Behind every person who has been miraculously cured of autism is a person who has worked very hard at incorporating adaptive behaviours over many years. You can show fewer ASD traits, but that doesn't mean you ever stop being autistic. The brain adapts to a degree, but I have yet to be convinced that it gets completely rewired. Setting parents on that path of yearning can only give them false hope. That's why the terms "cure" and "healing" tend to rub me the wrong way. They imply a deep-rooted sickness. Of course I want my son to function to the best of his ability in a broken society. But I don't for a second wish him to change his unique self, of which his autism forms an intrinsic part.
People are desperate to account for the crazy jump in incidences of autism. Some are quick to assume that autism is just the latest trendy label doctors are slapping on kids who are maybe a little quirky, a little eccentric, socially awkward or just plain introverted. But anyone who knows a thing or two about autism knows that it is more than the sum of those parts. Yes, the spike in autism is alarming. Are all diagnoses accurate? Maybe not, but assuming that clinicians are over-diagnosing is doing a great disservice to both parents and the medical profession as a whole.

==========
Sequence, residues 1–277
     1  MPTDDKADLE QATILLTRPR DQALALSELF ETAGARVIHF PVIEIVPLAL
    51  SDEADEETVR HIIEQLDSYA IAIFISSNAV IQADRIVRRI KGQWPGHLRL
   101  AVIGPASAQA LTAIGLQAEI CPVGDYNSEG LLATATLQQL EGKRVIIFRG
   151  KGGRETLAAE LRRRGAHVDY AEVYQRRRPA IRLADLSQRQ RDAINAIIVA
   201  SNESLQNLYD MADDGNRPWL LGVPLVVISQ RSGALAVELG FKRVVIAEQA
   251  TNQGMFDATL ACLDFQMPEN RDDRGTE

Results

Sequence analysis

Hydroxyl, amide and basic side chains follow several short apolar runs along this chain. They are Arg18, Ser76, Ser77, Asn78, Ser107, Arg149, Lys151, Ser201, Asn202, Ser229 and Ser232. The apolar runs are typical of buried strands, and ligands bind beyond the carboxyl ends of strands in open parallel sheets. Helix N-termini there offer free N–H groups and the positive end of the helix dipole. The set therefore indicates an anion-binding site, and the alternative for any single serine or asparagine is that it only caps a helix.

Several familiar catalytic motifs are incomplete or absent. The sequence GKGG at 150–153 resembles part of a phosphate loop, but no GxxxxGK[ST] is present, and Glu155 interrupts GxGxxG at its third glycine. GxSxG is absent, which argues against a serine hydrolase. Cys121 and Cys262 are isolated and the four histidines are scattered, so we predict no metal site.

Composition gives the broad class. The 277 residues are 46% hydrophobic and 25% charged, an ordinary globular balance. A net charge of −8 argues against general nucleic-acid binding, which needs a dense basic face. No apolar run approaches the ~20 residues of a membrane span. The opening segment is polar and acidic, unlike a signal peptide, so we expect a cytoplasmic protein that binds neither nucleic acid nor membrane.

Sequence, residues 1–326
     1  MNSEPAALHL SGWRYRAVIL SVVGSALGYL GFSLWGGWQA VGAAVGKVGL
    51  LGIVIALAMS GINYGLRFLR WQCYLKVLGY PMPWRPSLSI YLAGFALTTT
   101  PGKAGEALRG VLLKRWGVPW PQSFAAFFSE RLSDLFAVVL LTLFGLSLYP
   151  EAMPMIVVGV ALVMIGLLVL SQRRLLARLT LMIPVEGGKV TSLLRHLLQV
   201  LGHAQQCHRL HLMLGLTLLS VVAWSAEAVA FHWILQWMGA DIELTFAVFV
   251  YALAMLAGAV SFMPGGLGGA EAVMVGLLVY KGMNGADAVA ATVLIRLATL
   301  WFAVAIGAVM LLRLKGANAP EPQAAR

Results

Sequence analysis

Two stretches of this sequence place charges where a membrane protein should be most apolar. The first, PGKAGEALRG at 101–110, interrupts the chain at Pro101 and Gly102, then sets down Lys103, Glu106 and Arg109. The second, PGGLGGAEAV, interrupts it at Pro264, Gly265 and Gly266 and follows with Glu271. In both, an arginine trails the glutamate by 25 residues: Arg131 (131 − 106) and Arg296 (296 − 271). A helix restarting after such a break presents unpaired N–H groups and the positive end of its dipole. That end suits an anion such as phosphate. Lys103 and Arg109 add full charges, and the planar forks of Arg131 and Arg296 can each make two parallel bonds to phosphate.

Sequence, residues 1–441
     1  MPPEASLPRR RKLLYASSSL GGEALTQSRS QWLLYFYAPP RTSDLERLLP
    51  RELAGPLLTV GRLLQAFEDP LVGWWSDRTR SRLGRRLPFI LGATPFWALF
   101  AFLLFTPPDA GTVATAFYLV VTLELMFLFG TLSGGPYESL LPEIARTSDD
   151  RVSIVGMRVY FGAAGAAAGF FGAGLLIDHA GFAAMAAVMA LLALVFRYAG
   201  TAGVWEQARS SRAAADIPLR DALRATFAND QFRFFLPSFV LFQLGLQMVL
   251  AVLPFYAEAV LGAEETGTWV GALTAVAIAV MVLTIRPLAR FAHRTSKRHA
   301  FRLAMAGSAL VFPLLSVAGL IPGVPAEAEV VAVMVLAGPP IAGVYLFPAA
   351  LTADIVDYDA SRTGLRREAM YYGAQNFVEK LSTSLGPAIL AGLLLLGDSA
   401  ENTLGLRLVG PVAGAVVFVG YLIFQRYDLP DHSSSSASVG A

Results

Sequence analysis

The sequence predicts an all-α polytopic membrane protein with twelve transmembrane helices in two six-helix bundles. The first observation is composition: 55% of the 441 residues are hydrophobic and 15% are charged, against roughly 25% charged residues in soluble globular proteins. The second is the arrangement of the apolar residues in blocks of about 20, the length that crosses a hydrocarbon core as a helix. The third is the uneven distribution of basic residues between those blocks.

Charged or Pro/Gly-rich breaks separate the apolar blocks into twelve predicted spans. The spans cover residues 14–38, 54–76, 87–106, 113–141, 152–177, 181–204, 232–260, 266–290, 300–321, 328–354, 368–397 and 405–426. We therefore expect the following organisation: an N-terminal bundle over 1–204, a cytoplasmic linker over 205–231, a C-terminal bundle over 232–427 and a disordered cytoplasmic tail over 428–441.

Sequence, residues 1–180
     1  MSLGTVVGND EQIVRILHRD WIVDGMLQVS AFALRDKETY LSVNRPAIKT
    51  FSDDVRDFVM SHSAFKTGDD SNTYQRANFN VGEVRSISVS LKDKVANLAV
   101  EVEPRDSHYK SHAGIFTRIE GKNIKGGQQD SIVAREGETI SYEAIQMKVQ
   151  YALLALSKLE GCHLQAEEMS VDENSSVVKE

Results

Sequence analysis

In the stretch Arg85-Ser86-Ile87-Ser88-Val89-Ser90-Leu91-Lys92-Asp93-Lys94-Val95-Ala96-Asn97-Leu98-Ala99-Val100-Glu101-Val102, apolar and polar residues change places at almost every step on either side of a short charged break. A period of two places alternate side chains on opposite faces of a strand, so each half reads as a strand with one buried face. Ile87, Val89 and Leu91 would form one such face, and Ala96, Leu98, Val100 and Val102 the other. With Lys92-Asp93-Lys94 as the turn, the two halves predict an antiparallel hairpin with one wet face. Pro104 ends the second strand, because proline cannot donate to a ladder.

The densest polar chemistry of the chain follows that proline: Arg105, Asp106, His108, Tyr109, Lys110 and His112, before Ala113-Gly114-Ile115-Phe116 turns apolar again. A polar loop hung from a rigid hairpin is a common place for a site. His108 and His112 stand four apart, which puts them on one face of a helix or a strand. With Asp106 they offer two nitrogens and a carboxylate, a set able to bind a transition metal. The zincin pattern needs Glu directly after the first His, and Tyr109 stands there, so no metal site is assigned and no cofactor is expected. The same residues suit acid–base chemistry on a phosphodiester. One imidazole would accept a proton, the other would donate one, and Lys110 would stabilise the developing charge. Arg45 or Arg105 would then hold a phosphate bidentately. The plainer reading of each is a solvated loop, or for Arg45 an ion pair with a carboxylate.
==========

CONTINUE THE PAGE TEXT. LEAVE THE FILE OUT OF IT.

Clearly those who make that assumption are a bit hazy on the process of diagnosis. It doesn't happen overnight. In our case, it took years of observation before I was finally able to voice my concerns to my son's pediatrician. That conversation is not one you want to have as a parent. By the time you end up in your doctor's office, you are usually so torn up emotionally and devastated, yet you also don't want to let your pride stand in the way of getting your boy help. The last thing you want for your child is a label. What you want are answers to the questions that have kept you up at night for months, if not years.
If you are lucky, your doctor will take your concerns seriously, at which point you will complete detailed questionnaires to see whether your child indeed meets a comprehensive list of criteria for autism. At this point, many parents will go home, reassured that their child doesn't tick all the boxes. But others will know in their gut if there is something genuinely amiss with their kid's development. Those parents will then receive a referral for assessment by a child psychiatrist/psychologist. In our case, the "assessment" consisted of a shrink trying to engage my son for about 20 minutes. Her diagnosis was scribbled out on a notepad, but it didn't sit right with me. It felt too quick, too subjective.
So we got a second opinion. Standardized testing was carried out over the course of two days, by various professionals, all of whom specialize in autism. When the formal diagnosis came, there was no doubt in my mind that it fit. Like a glove. Are there clinicians out there who are less scrupulous about their diagnostic procedures? Probably, yet I'm sure the vast majority do not take such cases lightly. Few would be willing to stick a label on a child if they weren't absolutely convinced of its authenticity; and fewer parents still would accept that label if they knew in their heart of hearts that it didn't fit.